Why Puppies

Recovered from the Wayback Machine.

November 2, 2010, the people of Missouri voted for Proposition B: The Puppy Mill Cruelty Prevention Act. This Act is an amendment to existing laws that focuses specifically on commercial dog breeders, and strengthens current regulations regarding food, water, shelter, veterinary care, breeding frequency, and number of intact (not spayed or neutered) dogs. The bill also creates new Class C and Class A misdemeanors for puppy mill cruelty.

Proposition B was a controversial ballot issue, generating a considerable amount of heated discussion. Proponents for Proposition B included the Humane Society of the US, the Humane Society of Missouri, the ASCPA, the Best Friends Animal Society, Humane Society of Kansas City, Stray Rescue, and a host of other animal welfare organizations, civic leaders, Missouri veterinarians, and businesses. Supporters also included a lot of just plain folks, like me.

There was strong opposition to Proposition B, from commercial dog breeders, which was a given, but also from cattlemen, chicken farmers, the Missouri Farm Bureau, Missouri Federation of Animal Owners, Missouri Veterinarian Medical Association, and even the AKC. The argument from some of the organizations was that there are laws in place and the only problem is lack of enforcement. However, the main argument from the agricultural communities was not about Proposition B’s influence on dog breeding, but was more about a perceived influence of the bill on other forms of livestock management, including that for cattle, chickens, and hogs.

Though Proposition B was specifically worded for dogs, and was included in Missouri Revised Statutes under the Dog/Cat designation, many people voted against Proposition B primarily because they saw it impacting on other forms of livestock. However, the majority of Missourians voted for Proposition B and it passed 51.6% to 48.4%.

Immediately after the vote, the same groups that argued against Proposition B cried foul because the majority of the positive vote occurred in the St. Louis and Kansas City areas, while most of the rural areas voted No. “103 of 114 counties voted No!”, came the shout, as Proposition B opposition forces prepared to continue the fight past the election. Not long after, state representatives, including Senator Mike Parson and Senator BIll Parson, promised that they would bring about legislation in 2011 that would either repeal Proposition B completely, or revise it considerably. At this time, there are two bills, Missouri House Bill 94 and Missouri Senate Bill 4, both focused on repealing Proposition B.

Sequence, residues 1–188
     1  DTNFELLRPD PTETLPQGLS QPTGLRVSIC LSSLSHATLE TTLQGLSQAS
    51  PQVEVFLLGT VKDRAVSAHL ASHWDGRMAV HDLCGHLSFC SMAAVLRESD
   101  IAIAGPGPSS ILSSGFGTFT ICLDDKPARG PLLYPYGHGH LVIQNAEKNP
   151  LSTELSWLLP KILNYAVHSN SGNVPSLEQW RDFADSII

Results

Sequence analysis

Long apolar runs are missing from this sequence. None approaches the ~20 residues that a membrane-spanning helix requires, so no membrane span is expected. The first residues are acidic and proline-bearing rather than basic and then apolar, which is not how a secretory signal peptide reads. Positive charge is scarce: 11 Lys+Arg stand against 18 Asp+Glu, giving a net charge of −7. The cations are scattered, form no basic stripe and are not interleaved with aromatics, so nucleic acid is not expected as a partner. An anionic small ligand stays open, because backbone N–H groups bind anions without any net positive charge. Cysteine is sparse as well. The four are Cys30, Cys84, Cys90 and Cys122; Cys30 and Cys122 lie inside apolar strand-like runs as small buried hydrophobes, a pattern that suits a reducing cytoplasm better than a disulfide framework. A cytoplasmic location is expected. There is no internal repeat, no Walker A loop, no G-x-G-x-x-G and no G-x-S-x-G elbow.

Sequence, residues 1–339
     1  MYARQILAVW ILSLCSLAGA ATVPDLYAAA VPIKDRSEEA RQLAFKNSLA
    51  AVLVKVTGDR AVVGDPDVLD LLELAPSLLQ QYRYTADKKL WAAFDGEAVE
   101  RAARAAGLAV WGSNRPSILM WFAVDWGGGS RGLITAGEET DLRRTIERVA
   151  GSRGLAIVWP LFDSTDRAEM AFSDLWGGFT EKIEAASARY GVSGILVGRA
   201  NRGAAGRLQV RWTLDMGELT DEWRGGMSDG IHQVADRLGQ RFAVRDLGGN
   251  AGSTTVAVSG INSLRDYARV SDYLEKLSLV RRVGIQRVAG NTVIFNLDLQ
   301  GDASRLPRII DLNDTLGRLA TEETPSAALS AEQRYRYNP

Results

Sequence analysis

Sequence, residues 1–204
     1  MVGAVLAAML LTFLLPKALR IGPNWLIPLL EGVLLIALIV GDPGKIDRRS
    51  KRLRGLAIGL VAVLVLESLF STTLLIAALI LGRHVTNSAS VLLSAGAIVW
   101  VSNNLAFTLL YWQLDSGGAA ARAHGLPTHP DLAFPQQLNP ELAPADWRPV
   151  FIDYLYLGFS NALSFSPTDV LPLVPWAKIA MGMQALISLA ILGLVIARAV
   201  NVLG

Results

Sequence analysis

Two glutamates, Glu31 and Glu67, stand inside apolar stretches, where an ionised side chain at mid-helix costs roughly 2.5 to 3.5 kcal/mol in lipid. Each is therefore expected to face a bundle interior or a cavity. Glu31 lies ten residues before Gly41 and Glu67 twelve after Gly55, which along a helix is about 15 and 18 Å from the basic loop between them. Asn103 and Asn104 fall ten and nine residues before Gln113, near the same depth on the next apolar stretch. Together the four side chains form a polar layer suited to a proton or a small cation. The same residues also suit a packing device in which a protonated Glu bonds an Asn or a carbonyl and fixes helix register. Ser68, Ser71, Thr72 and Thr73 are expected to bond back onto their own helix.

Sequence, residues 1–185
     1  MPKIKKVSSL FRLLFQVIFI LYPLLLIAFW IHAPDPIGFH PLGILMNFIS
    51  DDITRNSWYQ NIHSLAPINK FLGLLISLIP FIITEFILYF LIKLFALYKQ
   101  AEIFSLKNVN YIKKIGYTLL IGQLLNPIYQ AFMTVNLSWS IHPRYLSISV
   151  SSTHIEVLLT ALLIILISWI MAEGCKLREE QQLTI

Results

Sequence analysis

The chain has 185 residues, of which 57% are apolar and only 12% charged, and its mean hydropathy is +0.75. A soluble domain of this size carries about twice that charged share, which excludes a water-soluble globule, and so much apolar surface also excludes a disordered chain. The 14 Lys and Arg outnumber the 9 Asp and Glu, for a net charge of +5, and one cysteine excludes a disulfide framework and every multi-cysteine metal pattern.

This site’s purpose is not only to track these and other bills associated with Proposition B, but also to provide a more in-depth look at what Proposition B is, and how it will impact on existing dog breeders, now and in the future. I hope that this site is helpful in the fight to preserve Proposition B.

And preserve Proposition B, we must. We have allowed barbaric conditions at too many large scale dog breeders to exist for too long.

He who is cruel to animals becomes hard also in his dealings with men. We can judge the heart of a man by his treatment of animals — Immanuel Kant

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Burningbird Weather

Happy New Year

As you can see if you’re reading this, the move to a new hosting company went very well. I’m already exceptionally pleased with Linode, not the least of which the dashboard the company provides makes maintaining the site so much easier.

The only real challenges I faced were setting up the email system, and porting my Just Shelley web site; the former is just plain cumbersome, and the latter did not like the move to a PHP 5.3 environment. After the move I discovered that Drupal 7 is PHP 5.3 friendly, Drupal 6 is not. There is something in Just Shelley that triggered problems, though luckily the other sites ported without any problems.

So, I’ve upgrade Just Shelley to Drupal 7, as well as having installed a new Drupal 7 account, and I’m finally getting a chance to take the new version for a run. I can already see I have a lot of work to do. Yes, a lot of work.

In the meantime, we had a exciting day here in New Year’s Eve. We kept getting tornado warnings, and I spent most of the morning hovering around the downstairs interior bathroom.

Just around noon, the siren went off again and the news said a funnel was spotted over Webster Groves or Shrewsbury. I looked outside, and the winds had suddenly reversed direction. There was a rushing sound, but not exceptionally loud. A few minutes later, the winds reversed back and things started calming down.

We didn’t get hit but the F3 tornado did a major amount of damage a couple of miles away. I don’t know if a tornado that far away could impact on wind in our area, or if there was another funnel cloud forming over us that didn’t form into a full tornado. Regardless, we lucked out. So did the people in Sunset Hills, because for the amount of damage done—and it is significant— folks only suffered minor injuries. Unfortunately, there were folks in other parts of the state not as lucky.

I haven’t been to my favorite walking place, since it’s on the other side of the damage path and I don’t want to add to the traffic. There have been a lot of gawkers, but the folks at Sunset Hills came up with the idea of borrowing firemen boots and taking up a collection for the tornado victims from the gawkers. Absolutely brilliant idea.